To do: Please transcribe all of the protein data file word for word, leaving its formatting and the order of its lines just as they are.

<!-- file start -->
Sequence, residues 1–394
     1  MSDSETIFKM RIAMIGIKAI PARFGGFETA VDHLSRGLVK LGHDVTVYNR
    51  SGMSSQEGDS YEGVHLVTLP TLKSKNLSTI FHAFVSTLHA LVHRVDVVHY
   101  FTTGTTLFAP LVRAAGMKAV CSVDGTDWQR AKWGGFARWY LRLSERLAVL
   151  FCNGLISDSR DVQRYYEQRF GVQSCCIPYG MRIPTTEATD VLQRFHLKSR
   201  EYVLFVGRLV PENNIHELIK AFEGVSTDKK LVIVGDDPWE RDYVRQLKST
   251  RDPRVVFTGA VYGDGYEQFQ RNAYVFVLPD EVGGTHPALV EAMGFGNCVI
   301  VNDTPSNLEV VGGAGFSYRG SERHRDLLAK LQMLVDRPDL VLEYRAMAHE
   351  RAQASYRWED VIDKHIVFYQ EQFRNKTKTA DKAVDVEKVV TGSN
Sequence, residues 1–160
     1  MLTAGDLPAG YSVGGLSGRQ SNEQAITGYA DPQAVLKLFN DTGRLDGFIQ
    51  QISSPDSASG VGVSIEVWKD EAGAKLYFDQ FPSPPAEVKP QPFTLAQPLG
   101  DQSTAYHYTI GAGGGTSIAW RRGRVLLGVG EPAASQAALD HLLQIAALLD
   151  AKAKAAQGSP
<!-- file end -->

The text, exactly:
Sequence, residues 1–394
     1  MSDSETIFKM RIAMIGIKAI PARFGGFETA VDHLSRGLVK LGHDVTVYNR
    51  SGMSSQEGDS YEGVHLVTLP TLKSKNLSTI FHAFVSTLHA LVHRVDVVHY
   101  FTTGTTLFAP LVRAAGMKAV CSVDGTDWQR AKWGGFARWY LRLSERLAVL
   151  FCNGLISDSR DVQRYYEQRF GVQSCCIPYG MRIPTTEATD VLQRFHLKSR
   201  EYVLFVGRLV PENNIHELIK AFEGVSTDKK LVIVGDDPWE RDYVRQLKST
   251  RDPRVVFTGA VYGDGYEQFQ RNAYVFVLPD EVGGTHPALV EAMGFGNCVI
   301  VNDTPSNLEV VGGAGFSYRG SERHRDLLAK LQMLVDRPDL VLEYRAMAHE
   351  RAQASYRWED VIDKHIVFYQ EQFRNKTKTA DKAVDVEKVV TGSN
Sequence, residues 1–160
     1  MLTAGDLPAG YSVGGLSGRQ SNEQAITGYA DPQAVLKLFN DTGRLDGFIQ
    51  QISSPDSASG VGVSIEVWKD EAGAKLYFDQ FPSPPAEVKP QPFTLAQPLG
   101  DQSTAYHYTI GAGGGTSIAW RRGRVLLGVG EPAASQAALD HLLQIAALLD
   151  AKAKAAQGSP